Fresh if packaged correctly
Fresh fruit and vegetables have longer shelf-life if packaged correctly. This is the conclusion of a recently completed research project. The results, which can help prevent food wastage, were presented at a seminar in Odense.
Soggy salad, slimy spinach and rotten radishes are some of the least pleasant food products to have in one's fridge. These fresh products go straight in the bin and thus contribute to Denmark's enormous food wastage: Danes throw away 3.1 billion kroner worth of fruit and vegetables every year.
There is hope to be had, though. A research project shows how fruit and vegetables can be packaged so that the products remain fresh for longer. The results from the project; ”Product-designed packaging of fresh fruit and vegetables” (www.friskpak.dk) were presented at the seminar ”Packaging of fruit and vegetables” on the 8th of January 2013 in Odense. The seminar gave an overview of the possibilities and challenges of packaging fresh fruit and vegetables either as fresh or fresh-cut produce. There was in particular a focus on practical tools to be used in the industry.
The optimal packaging
A focus area in the project has been to investigate the packaging of fresh fruit and vegetables in order to obtain optimal packaging solutions.
- If you want to find the optimal solution, you have to have knowledge about the respiration of the fresh product and the physical properties of the packaging material, explains associate professor Merete Edelenbos from Aarhus University. She has been looking into these factors in a series of experiments with product-designed packaging of fresh fruit and vegetables. She and the partner, Danish Technological Institute, have also tested the quality of packaged fresh produce in the retail. While 20 per cent of the fresh produce was seen to ferment in the past, no fermentation is seen today. With fresh-cut produce the same positive picture was seen. In the past, 44 per cent of the products fermented before the “best before date”, while it is down to 20 per cent today.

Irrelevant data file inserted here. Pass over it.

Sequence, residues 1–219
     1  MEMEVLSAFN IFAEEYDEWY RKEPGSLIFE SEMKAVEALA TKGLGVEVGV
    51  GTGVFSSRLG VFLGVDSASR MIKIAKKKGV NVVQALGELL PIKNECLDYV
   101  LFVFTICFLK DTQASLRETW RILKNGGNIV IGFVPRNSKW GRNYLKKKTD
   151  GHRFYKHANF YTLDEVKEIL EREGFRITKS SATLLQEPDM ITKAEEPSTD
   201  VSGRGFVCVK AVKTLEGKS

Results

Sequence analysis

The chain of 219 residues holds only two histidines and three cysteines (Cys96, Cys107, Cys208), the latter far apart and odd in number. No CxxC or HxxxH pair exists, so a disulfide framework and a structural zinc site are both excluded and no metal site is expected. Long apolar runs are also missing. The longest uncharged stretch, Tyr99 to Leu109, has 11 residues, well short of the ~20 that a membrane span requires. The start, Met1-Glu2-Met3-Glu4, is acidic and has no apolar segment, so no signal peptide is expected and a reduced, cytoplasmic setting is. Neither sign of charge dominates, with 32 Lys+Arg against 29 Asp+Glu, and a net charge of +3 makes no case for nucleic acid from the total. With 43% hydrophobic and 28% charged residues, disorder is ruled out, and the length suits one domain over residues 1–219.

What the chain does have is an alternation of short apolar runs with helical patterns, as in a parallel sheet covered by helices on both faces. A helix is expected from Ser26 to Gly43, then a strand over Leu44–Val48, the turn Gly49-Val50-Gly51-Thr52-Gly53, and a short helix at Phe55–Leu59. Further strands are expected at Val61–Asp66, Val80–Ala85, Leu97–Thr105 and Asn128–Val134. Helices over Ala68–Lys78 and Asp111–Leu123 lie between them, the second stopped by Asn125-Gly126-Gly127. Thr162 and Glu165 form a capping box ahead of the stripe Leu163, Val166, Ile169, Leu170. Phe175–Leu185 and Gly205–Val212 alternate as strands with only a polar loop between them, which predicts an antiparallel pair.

- When fresh produce ferments, the products are usually packaged in materials with too low an oxygen transmission rate. Fruit and vegetables respire, or breathe, so if the gas exchange rates of the packaging are too low compared to the needs of the product, the oxygen levels may drop below 2 kPa and the risk of losing quality increases dramatically, explains Merete Edelenbos. The products simply emit gasses which will make them smell wrong and badly. Not exactly something that makes you want to eat packaged fresh produce.
Respiration and temperature
To find the optimal packaging solution, you have to know the respiration rate of the product and the storage temperature. The higher the storage temperature, the more oxygen is consumed. It is therefore mandatory that fresh produce is stored at the stated temperature throughout the distribution chain, when using product-designed packaging.
- It is important that the product is stored at the stated temperature after packaging. Even a short break in the cooling chain will result in too high an oxygen consumption rate and too low an oxygen level inside the packages. If the required knowledge on fresh produce packaging is not available and producers and retailers do not cooperate about keeping the cold chain, product-designed packaging can be very risky. That is what we call “pack and pray”, says Merete Edelenbos.
The project is supported by funds from the Danish Agency for Science, Technology and Innovation and is a collaborative effort between the Danish Technological Institute (which is leading the project), Aarhus University, HortiAdvice Scandinavia, Scanstore Packaging, NNZ Denmark, PBI Dansensor, Multivac, Linde/AGA, COOP, Axel Månsson, Yding Grønt, Tange Frilandsgartneri, Slice Fruit, Gl. Estrup, Aarstiderne, Ørskov Frugt, CFS, Videometer, Svanholm, Peter Skov Johansen, Lykkegården, Danish Fruit growers, Gartneriet Torup and Ventegodtgård.
Read more about Friskpak here.
Further Information: Associate professor Merete Edelenbos, Department of Food Science, email: email@example.com, telephone: +45 8715 8334, mobile: +45 2945 0133